The park then hosted the second, unofficial New York World’s Fair of 1964–65, again organized by the indefatigable Moses. Here we were able to admire a series of rejected designs for the Rheingold Beer pavilion by Kahn & Jacobs as well as a flying saucer delicately balanced on multicolored, wing-like trusses, a more elegant example of the Googie architecture for which the fair came to be known. More impressive was Paul Rudolph’s 160-foot-tall Galaxon pavilion, designed to stand on the site later occupied by the Unisphere. Meant to serve as a public star-gazing facility, the flying saucer in this case was perched atop a series of interconnected staircases— a sort of forerunner of Thomas Heatherwick’s Vessel in Hudson Yards, but with a loftier purpose.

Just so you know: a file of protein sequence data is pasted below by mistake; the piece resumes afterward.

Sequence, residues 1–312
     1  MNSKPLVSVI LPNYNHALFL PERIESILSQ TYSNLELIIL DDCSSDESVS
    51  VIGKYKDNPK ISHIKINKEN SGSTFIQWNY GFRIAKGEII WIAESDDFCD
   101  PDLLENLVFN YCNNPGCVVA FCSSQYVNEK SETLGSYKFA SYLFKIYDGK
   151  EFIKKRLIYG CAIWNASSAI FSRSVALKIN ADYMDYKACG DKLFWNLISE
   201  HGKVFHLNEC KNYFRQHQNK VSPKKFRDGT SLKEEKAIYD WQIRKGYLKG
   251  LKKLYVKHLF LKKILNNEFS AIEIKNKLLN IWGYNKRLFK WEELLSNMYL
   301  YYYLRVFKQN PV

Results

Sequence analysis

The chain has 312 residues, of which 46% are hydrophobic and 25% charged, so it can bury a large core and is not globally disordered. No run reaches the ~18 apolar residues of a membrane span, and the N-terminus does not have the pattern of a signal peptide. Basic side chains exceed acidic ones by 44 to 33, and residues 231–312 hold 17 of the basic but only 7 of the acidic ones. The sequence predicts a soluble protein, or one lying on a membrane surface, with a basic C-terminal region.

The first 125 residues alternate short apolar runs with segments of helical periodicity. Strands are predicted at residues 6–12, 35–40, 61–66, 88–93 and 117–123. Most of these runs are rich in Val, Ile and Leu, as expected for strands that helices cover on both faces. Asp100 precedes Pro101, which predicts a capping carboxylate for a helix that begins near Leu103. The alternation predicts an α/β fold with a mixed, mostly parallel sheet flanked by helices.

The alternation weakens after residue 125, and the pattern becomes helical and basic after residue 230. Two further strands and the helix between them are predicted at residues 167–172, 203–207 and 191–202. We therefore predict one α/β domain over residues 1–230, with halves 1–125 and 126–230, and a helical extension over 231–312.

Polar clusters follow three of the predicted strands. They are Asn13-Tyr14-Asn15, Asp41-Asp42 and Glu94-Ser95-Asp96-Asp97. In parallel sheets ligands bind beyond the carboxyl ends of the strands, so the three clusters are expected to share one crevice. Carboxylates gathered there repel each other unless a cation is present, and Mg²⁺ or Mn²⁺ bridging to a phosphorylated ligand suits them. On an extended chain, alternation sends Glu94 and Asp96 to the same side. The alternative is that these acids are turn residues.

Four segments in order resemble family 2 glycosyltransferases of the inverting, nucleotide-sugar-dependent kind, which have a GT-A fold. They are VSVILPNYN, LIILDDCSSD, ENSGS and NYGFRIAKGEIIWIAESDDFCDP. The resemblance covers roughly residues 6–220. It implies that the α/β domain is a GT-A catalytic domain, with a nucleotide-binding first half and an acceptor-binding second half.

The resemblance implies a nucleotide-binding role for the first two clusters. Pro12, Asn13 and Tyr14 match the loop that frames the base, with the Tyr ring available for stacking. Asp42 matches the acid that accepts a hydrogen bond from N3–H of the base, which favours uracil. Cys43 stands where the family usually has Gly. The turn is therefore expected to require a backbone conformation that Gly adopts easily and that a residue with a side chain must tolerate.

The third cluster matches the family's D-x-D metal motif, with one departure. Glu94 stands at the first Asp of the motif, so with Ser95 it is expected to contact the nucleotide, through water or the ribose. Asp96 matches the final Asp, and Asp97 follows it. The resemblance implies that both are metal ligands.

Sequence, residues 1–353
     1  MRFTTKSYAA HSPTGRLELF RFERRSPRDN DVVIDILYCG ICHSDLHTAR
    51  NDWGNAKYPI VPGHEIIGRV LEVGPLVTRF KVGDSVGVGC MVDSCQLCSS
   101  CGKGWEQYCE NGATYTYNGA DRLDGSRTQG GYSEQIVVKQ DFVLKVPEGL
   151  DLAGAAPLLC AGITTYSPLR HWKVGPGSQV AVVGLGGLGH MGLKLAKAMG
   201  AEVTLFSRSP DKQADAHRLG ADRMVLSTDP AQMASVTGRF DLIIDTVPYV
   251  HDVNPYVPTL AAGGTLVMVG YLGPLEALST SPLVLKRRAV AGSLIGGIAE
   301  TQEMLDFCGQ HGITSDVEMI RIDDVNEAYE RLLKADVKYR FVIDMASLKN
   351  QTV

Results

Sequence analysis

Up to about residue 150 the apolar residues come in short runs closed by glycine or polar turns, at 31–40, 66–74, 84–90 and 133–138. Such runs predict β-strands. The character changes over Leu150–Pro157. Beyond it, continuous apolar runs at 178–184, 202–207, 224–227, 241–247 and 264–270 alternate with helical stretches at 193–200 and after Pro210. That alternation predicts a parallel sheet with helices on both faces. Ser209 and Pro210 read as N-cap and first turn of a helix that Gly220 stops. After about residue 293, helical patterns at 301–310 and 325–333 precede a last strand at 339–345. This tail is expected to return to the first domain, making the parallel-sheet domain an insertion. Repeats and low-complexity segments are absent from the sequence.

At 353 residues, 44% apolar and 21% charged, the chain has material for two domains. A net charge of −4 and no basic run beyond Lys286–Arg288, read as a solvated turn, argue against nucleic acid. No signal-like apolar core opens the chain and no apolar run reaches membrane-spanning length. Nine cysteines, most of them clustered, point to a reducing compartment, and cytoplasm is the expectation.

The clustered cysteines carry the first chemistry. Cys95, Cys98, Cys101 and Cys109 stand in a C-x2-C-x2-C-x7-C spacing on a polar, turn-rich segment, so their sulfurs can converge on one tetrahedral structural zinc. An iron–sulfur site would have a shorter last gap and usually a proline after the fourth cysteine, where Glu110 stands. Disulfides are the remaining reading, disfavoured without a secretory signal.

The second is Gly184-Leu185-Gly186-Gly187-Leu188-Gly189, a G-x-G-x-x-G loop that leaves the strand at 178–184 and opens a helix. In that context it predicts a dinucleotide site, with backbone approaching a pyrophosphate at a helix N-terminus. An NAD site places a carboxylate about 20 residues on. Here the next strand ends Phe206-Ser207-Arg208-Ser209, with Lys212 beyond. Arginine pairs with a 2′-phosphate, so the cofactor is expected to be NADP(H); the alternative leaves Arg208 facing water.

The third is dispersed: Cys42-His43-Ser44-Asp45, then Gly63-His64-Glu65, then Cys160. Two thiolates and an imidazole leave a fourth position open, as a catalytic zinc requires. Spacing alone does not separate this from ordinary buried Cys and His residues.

The final works in this area were devoted to various plans for the park since the last fair: a vast brutalist recreational complex by Marcel Breuer, Kenzo Tange, and Lawrence Tange, designed during Thomas Hoving’s short stint as park commissioner; a wall-less, futuristic major-league soccer stadium designed by SHoP in 2013 and axed by the city’s current mayor, Bill de Blasio; and finally, Eric Owen Moss’s “surgical” reconstruction of the Queens Museum, which would have ripped open the staid classical façade of Aymar Embury II’s building (the sole survivor of the 1939 fair) to make way for a curvaceous, laminated-glass “drape” that shifted from transparent to opaque depending on the activities performed inside. Nixed by the museum’s new director, the scheme was abandoned in favor of a far less invasive procedure performed by Grimshaw Architects in 2013.